When your kid doesn’t fit the mold

 

We always have the silent notion that we are our child’s advocate. Most days there aren’t overt opportunities to take part in that aspect of parenthood so the idea of advocating for our children becomes something we put in our back pockets for a rainy day. But you better believe when the situation arises we all instinctually know how to make things happen for our kids. That is the situation I found myself in recently and I am proud to say it was exhausting, but worked out well in the end.

We knew Garrett was a bit different than kids his age in preschool, when he would sit in the corner to help alphabetize his teacher’s student folders, instead of participate in math or reading, because he “already knew” what she was teaching. Not because he’d been taught the lesson before, he just understand the concepts in seconds. People often asked if I worked with him a lot at home and I wished I could have said yes, but the truth was that he was self motivated, often to the point of obsession.

Garrett has an eerily extensive knowledge of outer space. Not like, “Hey, I like outer space.” Like, researching daily and learning about atmosphere and temperatures on various planets. He wants to really understand specific things about our solar system and he will not rest until he learns what he feels is “expected” of him. Expected by who? I have no idea.

We tested Garrett for a gifted program in our school district after he entered kindergarten early and still felt bored in the accelerated program we placed him in, but he didn’t pass. I later found out he did not finish the test, leaving half blank because the test was 3 hours long. And he was 5. ‘Nuff said. We hoped First Grade would bring him challenge and more balance. It did not. His behavior was becoming intolerable to even his teacher who knew him since he was 2, and when I would visit the classroom as the Room Parent I could hardly stand how he was acting. He would rock in his chair, repeat phrases over and over, scream out answers instead of waiting for other kids to have a turn and his desk was a trashed mess. I was appalled to be honest and my husband and I were constantly stressed about how to remedy this problem. He wasn’t learning anything at all and he was disruptive.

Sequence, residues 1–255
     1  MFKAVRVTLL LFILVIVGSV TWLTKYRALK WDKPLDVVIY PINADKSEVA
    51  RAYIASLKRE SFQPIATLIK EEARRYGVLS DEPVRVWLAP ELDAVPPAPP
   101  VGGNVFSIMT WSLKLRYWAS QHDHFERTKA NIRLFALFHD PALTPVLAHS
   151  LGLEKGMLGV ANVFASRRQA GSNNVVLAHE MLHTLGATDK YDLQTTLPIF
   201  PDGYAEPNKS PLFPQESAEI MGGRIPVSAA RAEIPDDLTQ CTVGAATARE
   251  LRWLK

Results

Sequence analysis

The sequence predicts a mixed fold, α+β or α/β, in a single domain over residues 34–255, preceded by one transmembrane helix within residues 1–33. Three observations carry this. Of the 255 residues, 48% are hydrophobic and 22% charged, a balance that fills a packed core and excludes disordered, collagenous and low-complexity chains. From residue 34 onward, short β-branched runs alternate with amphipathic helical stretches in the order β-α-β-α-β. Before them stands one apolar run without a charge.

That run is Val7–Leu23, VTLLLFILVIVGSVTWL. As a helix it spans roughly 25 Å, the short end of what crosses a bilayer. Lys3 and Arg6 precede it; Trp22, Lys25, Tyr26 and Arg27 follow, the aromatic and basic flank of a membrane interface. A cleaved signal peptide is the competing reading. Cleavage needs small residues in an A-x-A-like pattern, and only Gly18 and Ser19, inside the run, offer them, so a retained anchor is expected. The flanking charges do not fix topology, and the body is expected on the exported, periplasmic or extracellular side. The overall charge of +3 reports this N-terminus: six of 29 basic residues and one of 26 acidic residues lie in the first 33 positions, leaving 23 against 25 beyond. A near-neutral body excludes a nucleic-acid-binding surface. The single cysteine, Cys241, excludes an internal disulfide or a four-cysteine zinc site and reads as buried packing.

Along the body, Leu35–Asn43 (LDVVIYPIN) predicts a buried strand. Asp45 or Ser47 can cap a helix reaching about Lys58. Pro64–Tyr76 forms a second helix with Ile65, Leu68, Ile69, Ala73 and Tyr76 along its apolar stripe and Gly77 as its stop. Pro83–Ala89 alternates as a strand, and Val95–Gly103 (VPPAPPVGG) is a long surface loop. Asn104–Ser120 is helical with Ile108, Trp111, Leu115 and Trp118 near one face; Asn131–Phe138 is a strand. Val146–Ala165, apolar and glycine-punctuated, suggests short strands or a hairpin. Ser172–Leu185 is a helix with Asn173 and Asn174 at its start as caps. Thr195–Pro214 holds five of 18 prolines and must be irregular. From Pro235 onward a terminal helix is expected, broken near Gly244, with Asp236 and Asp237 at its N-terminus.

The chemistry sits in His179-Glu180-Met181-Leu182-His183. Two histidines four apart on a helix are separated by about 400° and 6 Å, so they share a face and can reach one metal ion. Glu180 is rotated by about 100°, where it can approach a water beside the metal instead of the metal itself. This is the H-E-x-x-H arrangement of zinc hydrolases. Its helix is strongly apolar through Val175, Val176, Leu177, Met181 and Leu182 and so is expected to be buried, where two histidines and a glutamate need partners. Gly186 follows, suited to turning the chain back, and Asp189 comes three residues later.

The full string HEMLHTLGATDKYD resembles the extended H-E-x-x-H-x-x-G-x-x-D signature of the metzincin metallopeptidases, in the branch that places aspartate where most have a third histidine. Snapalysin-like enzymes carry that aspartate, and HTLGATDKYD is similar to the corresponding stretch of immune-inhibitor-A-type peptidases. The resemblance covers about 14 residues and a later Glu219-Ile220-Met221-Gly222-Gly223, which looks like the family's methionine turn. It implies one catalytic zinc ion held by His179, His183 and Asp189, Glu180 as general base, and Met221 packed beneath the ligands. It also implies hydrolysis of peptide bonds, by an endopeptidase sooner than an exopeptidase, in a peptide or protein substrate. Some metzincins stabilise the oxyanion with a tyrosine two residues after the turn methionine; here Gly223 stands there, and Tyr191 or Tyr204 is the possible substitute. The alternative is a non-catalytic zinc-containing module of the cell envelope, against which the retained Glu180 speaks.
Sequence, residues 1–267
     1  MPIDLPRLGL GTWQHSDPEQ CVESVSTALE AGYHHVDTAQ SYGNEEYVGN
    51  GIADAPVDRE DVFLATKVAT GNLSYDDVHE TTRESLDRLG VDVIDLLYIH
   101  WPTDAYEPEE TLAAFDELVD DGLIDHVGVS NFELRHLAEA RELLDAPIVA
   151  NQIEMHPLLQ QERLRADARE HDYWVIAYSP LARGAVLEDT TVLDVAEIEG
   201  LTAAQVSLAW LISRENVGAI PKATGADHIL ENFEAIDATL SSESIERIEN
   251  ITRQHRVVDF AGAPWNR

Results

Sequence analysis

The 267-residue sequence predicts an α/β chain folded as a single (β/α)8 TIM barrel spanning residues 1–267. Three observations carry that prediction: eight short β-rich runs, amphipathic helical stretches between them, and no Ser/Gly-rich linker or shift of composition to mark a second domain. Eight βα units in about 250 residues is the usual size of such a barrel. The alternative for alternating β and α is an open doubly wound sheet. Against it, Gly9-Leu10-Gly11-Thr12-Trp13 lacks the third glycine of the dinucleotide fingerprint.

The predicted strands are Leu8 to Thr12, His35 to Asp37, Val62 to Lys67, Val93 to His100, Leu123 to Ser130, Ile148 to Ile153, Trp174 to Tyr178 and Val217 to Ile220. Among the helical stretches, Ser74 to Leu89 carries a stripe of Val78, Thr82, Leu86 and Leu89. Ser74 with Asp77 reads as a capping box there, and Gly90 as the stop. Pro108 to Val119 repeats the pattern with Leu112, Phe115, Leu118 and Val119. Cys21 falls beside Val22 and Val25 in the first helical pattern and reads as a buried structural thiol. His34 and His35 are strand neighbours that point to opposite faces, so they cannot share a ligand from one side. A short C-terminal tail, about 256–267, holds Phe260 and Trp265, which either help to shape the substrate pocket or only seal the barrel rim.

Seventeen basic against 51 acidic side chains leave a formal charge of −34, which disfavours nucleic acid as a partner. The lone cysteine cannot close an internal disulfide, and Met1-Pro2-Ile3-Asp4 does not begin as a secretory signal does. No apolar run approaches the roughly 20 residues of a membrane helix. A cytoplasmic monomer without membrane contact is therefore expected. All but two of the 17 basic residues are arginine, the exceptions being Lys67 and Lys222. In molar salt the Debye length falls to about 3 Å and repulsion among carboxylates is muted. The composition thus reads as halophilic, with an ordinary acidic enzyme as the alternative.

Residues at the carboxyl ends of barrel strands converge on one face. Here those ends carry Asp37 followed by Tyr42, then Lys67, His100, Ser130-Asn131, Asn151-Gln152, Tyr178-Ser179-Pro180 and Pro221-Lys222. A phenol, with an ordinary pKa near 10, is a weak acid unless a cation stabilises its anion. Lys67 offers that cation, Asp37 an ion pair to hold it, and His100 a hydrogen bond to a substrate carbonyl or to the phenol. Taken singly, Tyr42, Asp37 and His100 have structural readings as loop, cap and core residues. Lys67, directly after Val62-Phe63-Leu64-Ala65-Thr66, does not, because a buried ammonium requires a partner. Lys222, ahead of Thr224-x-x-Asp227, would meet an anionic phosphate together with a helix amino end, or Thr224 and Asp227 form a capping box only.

So, we asked if we could have him tested privately AGAIN for the gifted program. We were told yes and we did so. On our dime. The results showed very high test scores in many areas, so we were confident he would be granted entrance then. Nope. The test was one in which the program was unfamiliar and due to that fact the scores were not weighted highly enough for entrance. I felt a bit like a person in a room with fifty doors and every one I turned to, closed in my face. His current school was at a loss as to what to do for him. Being a traditional school they are repetition based and only a year ahead, and that does not work for Garrett.

So, I got to work and did my research. Gifted is a term I do not like to use, I feel it translates to “learning differently” and that is the greatest tool I’ve had at my disposal. Garrett needs visual cues, craves research on NEW topics and he definitely needs fresh ideas both to soak in and ask questions about. He’s a walking thinking map and I’ve adjusted how I work with him at home and the activities I present him with. It just isn’t enough. He needed a school to do this for him.

After much “advocating” (bordering on obsessive phone meetings) with district officials, we got Garrett retested with a test that the school approves and he passed! He will be switching schools in a few weeks and it has been the first time in months, maybe years that I have slept soundly knowing he will have a passion for learning for once in his academic life.

This was not an easy process and I could have easily given up at any point and believed that maybe he didn’t need this different scholastic approach. But the lesson is that you know your kid better than anyone. And you can’t give up on something you know is right, in your gut. You can’t let a piece of paper determine your child’s future, or a person who has never met him. You have to push to get someone to take notice. And eventually someone listens. Because they have no choice. You’re too loud to ignore.

I hope to be a person that can help someone else struggling with this same situation. I was fortunate to have support in friends and family that not everyone has, and I also hit many brick walls, where people had the chance to help me and stayed silent. If you have questions about your child, please ask me. I am not an expert but I am a well informed parent now. And this is a subject I will always hold near and dear to my heart. We can’t let these kids be ignored.

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